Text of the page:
A hysterectomy is the removal of a woman’s uterus. A robotic hysterectomy is a minimally invasive surgical method of removing a woman’s uterus. Some medical conditions that may lead to the need for this surgery include heavy or irregular bleeding, pelvic pain, postmenopausal bleeding, cancer, uterine fibroids, endometriosis, and uterine prolapse that are not relieved by medical management.
Prior to minimally invasive surgery, a hysterectomy was performed either through the patient’s abdomen or vagina. If performed through the abdomen, postoperative difficulties may include increased pain, bleeding, wound infection, and requiring a longer hospital stay than compared to minimally invasive techniques. With a robotic hysterectomy, a person can expect to go home the same day or the day after surgery and have a faster recovery period with smaller incisions and decreased pain. There is also a reduced risk for complications like bleeding and infection.
Medical management is usually tried first to treat medical conditions. However, if surgery is becoming the more favorable option, discuss with your doctor if you would be a good candidate for robotic surgery.
We are excited to be participating in the March of Dimes walk being held April 27, 2013! March of Dimes is a non-profit organization with a mission “to improve the health of babies by preventing birth defects, premature birth, and infant mortality.”
Babies born premature are put at risk for breathing difficulties, infections, cerebral palsy (learning disabilities), inability to regulate their body temperature to stay warm, vision problems, and hearing problems. A term pregnancy is considered 37 weeks gestational age and above, however it has been shown, that if possible, it’s best to stay pregnant for at least 39 weeks to give baby time for all of his/her organs to grow to their maximum potential.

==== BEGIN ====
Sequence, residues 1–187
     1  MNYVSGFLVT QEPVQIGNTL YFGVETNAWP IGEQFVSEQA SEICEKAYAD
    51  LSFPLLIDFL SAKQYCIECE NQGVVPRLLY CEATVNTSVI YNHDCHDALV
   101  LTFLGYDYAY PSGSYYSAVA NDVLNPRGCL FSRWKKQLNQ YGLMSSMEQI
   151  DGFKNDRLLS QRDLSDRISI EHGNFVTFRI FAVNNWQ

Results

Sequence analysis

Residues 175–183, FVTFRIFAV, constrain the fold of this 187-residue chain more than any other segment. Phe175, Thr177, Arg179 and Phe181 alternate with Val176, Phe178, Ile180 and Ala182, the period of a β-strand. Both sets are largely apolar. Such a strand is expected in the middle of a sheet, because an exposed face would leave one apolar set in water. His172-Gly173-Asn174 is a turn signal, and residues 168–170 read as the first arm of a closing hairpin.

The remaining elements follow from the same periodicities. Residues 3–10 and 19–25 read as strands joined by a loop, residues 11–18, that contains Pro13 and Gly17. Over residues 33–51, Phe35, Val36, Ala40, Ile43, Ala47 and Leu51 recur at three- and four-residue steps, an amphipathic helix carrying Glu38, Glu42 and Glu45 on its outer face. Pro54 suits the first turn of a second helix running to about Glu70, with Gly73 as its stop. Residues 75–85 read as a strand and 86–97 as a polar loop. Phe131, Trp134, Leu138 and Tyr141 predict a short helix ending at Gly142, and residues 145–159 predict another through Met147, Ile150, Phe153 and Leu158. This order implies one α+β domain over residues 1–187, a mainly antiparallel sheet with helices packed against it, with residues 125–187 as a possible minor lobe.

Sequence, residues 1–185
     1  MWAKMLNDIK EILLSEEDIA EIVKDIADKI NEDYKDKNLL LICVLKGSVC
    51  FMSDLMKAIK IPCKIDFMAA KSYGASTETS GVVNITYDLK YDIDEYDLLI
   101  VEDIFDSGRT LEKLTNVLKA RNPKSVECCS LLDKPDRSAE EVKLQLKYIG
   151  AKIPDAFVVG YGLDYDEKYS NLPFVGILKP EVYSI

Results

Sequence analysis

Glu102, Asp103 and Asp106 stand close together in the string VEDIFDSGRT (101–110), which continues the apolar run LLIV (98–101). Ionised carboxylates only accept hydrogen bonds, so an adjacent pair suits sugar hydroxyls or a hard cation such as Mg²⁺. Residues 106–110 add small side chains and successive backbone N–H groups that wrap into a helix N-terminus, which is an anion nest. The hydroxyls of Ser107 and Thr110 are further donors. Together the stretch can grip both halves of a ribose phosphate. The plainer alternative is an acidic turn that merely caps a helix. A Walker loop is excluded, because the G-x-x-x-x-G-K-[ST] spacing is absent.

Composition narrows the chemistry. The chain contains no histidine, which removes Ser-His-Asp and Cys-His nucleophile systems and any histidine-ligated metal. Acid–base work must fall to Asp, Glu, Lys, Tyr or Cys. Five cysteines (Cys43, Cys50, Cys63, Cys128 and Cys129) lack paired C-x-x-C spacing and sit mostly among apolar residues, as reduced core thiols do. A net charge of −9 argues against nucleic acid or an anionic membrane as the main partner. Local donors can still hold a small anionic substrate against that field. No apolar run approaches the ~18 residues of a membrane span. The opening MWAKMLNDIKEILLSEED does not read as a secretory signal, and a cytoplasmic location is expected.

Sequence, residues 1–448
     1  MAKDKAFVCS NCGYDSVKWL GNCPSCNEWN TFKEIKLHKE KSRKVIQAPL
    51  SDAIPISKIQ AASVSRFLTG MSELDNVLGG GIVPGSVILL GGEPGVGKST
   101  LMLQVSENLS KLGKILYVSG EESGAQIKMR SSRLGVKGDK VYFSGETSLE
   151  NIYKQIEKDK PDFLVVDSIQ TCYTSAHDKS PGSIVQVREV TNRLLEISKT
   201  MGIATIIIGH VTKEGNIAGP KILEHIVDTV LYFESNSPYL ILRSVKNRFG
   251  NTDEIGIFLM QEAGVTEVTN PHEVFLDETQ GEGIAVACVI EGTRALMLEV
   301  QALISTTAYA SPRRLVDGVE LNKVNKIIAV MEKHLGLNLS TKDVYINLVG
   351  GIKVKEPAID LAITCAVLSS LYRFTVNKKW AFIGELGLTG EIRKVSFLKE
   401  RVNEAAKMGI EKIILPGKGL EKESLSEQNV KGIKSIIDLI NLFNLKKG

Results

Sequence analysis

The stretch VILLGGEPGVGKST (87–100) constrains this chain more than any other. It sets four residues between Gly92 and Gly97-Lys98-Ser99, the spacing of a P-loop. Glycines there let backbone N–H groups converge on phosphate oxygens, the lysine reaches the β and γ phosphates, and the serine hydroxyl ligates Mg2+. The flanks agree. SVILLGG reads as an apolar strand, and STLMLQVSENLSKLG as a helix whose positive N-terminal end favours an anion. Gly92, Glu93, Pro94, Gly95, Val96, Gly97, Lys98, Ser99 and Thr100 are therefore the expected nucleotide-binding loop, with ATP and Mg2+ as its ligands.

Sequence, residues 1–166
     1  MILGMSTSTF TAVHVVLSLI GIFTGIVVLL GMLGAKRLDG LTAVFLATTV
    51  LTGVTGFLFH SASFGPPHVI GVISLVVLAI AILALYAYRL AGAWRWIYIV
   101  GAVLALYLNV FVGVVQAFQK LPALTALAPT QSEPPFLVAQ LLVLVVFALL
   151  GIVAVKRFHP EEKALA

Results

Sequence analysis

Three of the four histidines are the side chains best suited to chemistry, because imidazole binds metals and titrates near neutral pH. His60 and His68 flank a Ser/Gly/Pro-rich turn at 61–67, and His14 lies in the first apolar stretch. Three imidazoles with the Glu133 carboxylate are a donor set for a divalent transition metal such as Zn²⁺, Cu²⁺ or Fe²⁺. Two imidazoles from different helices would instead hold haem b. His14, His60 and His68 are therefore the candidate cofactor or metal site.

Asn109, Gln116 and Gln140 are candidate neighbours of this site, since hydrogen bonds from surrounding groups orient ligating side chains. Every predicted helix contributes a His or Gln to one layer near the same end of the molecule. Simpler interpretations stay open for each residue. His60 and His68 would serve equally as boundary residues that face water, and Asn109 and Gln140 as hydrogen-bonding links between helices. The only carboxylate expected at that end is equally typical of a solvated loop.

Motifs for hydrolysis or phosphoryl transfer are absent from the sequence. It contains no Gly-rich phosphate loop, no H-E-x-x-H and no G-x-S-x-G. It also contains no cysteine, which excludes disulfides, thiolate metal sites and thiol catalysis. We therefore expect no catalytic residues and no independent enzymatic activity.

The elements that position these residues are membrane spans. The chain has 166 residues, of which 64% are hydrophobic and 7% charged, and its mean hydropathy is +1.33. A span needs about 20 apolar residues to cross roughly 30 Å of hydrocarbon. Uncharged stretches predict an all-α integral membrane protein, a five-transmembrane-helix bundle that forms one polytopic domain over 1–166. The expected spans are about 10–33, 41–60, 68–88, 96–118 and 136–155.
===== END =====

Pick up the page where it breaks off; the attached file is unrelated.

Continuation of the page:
Recently, more and more pregnancies have been induced for non-medical reasons (called an elective induction), but, even if a pregnancy has reached 39 weeks, it still may not be beneficial for mom or baby to be induced. Elective inductions may not work, requiring the baby to be delivered by a cesarean section. Babies born by cesarean section may have more breathing problems than babies born by vaginal delivery. Also, this puts the mom at risk for requiring a cesarean section in the next pregnancy. With each future cesarean section, the mom and baby are put at more risk. For these reasons, it is better to wait for mom to go into labor spontaneously rather than be induced, as long as the mom is healthy and the pregnancy is progressing well. Secondary to the benefits research has shown about spontaneous labor, it is our group policy to not do non-medical inductions.
Our doctors support the mission of March of Dimes and have seen the importance of keeping moms pregnant with their babies for as long as possible. Please help support March of Dimes and meet us out at the walk on April 27, 2013. The walk starts at 9:15 am and registration begins at 7:30 am. We look forward to seeing you there!
For more information, please visit the March of Dimes website at www.marchofdimes.com.
Thank you for visiting our new site! We are happy to get to share with you our commitment to compassionate women’s care. We are a private practice group made up of eight female physicians specialized in obstetrics and gynecology. Please take your time and peruse our site to discover what all we have to offer. Also, make sure to continue to check in our blog where we will keep you up to date with the latest information and advancements in the field of OB/GYN. We look forward to seeing you soon! Our office number is 225-201-0505.